November 10, 2013

How to prepare to bowl in village cricket

No net practice required since your time umpiring while your team bats will tell you everything you need. Then just pray the ball leaves your hand

If you bust your shoulder while bowling, you can spend the rest of the season moaning about the burden of being a fast bowler © Getty Images

With this occasional series probing the lichen-filled pond of village cricket having previously offered guidance on how to set the field and insight into preparing to bat, we shall continue on down the food chain and examine how the village cricketer readies himself to bowl.

Where to begin?

Funnily enough, this is the precise question pondered by the village bowler every single match, for nothing is more quintessentially village than a bowler actually running out his run-up to mark it each time he has a chuck.

What it lacks in precision, it doesn't make up for in style. Indeed, there is a level of the game, and not a very high level at that, beyond which such a procedure is taboo, absolutely verboten. So, wherever you see this ungainly spectacle you know you're in the presence of true village cricket, and not a league match being played in the sticks.

Having said that, getting ready to bowl certainly doesn't start with marking out a run-up. So, again, where to begin?

The beginning of the villager's run-up may be unscientific, but scientists - and there's a large dollop of science in this analysis - are themselves forever looking for beginnings. The Big Bang. The Origin of Species. And when it comes to bowlers, the origin of the species is definitely a big bang - on the head, early in life. If the child spends long afternoons torturing small insects, he's a spinner. If he spends short afternoons burning down buildings, he'll be a paceman. (If he does both, and wets the bed, have him immediately sectioned under the Mental Health Act.)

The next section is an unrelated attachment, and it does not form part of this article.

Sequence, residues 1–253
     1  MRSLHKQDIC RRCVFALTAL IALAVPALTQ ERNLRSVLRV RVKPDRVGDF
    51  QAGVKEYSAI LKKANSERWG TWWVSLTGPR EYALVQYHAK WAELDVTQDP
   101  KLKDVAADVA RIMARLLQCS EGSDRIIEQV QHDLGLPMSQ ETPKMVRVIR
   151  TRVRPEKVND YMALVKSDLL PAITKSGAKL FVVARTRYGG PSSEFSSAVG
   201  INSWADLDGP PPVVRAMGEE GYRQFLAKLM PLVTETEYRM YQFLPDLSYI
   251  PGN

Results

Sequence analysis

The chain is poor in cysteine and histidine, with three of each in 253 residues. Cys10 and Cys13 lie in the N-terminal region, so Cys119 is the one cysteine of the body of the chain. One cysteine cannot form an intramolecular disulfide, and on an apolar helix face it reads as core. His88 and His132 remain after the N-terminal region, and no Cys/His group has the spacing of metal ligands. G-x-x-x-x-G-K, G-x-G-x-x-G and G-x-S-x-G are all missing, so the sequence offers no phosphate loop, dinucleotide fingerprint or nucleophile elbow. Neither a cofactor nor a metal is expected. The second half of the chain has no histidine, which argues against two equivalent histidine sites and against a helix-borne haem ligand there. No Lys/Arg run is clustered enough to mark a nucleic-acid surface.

Bowling may be psychologically easier. It is the bastion, after all, of the big-hearted simpleton (apropos of nothing, sociologists tell us that the North officially begins where a majority of ten-year-olds prefer bowling to batting). Yet it is physically more exacting. So preparation requires a strict fitness regimen to keep yourself limber. However, once you've worked out that fasting doesn't make you faster, you dust off the Gregg's loyalty card while the wife does some midweek cake-baking practice (your selection and meal ticket).

Next, head down to your own practice, eschewing nets for a spot of gaseous visualisation on the square, refusing to flog yourself into the ground on account of Trueman's First Law: "Tha only get tha'sen fit bah bowlin' in matches."

Next up, The Shouldering Arms for psychological and tactical preparation. Talking Saucy Shirley through the various grips - "This one's the inner. And this one's the outer." "What about the shake-it-all-about-er?" - the orange squirts from your quivering grip and knocks a pint of Bamboozled Badger off the bar. Your clumsy attempt to catch said orange takes care of the other three, as well as any chance you had with Shirley. More importantly, before you know it you've paid £30-odd for four ales. Then skipper looks over, concerned. "There goes your new-ball slot," he says (not that there's an actual new ball, of course), while someone shouts, for Shirley's benefit: "Finally, he's lost the cherry!"